The book offers a fascinating account of wartime danger, hospitality and human kinship as the city under bombardment. Gansel is brilliant at conveying the sense of exile and alienation that is the price paid for the privilege of not dwelling exclusively in the comforting home of the mother tongue, as she explores her relationship with French, which she has come to know very differently because of her activities as a translator. Her lyrical, delicate text offers a profound engagement with humanist values and a meditation on communication.
Unmade Up features much previously unseen artwork and photography of the enigmatic singer David Bowie, by his go-to artist of his heyday, Edward Bell. His commissions included the sleeve for Bowie’s 1980 album ‘Scary Monsters (and Super Creeps)’ which featured the number one single ‘Ashes to Ashes’. Bowie later bought all of Bell’s artwork for his private collection. “David Bowie: He soared, his eagle eye spied everything. His magpie nature urged him to plunder with ruthless perception. The Chameleon absorbed, then radiated, colours eclipsing. A butterfly mind, alighting, random and eclectic. Courageous, enigmatic, outrageous, and contradictory, he was Star Man, Elephant Man, a Diamond Dog, Tin Machine, the mythological peacock of incorruptible flesh.
This account of my relationship with the man is written from the perspective of one who was of Bowie’s generation but preferred to listen to The Rolling Stones: who had been to art school, freelanced as a photographer and illustrator for magazines – Vogue, Tatler, The Sunday Times – a visual person, rather than musical. I greeted the shock of David’s death at first with a faint, sad shrug; the full impact was slow to dawn. If a drowning man is said to see his whole life experience on an instant in total recall, I was to experience a small death that lingered, and as it did so, forgotten incidents gradually returned with an extraordinary clarity. I felt compelled to write them all down, with the desire to share them.”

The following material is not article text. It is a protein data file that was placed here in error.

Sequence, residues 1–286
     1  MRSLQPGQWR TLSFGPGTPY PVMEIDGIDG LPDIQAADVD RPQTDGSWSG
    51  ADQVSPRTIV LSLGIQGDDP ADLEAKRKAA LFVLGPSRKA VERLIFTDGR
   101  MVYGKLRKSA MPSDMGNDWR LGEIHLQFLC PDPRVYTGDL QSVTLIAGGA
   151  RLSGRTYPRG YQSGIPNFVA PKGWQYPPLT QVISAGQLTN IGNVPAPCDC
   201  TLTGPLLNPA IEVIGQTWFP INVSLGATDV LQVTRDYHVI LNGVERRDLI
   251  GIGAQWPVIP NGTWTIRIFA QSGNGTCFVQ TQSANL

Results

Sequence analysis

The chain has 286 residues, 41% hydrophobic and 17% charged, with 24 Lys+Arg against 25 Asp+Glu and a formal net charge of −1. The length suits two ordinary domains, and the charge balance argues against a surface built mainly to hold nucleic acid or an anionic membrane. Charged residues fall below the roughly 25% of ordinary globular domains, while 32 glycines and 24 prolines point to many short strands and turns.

‘When I come home and leave behind Dark things I would not call to mind …’ wrote Leslie Coulson, one of the many soldiers who tried to express his wartime experiences in writing: dreaming of an idyllic England in the face of the horror of the Western Front. Coulson was one of the hundreds of thousands who did not come home – but because of his poetry we glimpse something of his thoughts and experiences.
Today we can be grateful that so many of those who endured the First World War did write about it: giving us an unmatched view of an event which would otherwise be completely beyond our ability to imagine. The Writers’ War is a collection of excerpts from outstanding accounts of the First World War. It provides an essential insight to anyone interested in modern history or early twentieth-century literature. Extraordinary extracts bring the human experience of war brilliantly to life – from the terror of bombardment, or the camaraderie of military service, to the home front.
The writing reflects an enormous range of nationalities and personalities. It includes memorable poetry, fiction, and journalism. Some great names of modern English literature appear, such as Arthur Conan Doyle, D. H. Lawrence and Rudyard Kipling. In addition, there are superb accounts by foreign authors such as novelists Edith Wharton and Henri Barbusse, and flying ace Manfred von Richthofen. The Writers’ War gives an unparalleled insight into a world-changing event, and what it meant in human terms both to the writers and millions of others caught up in it.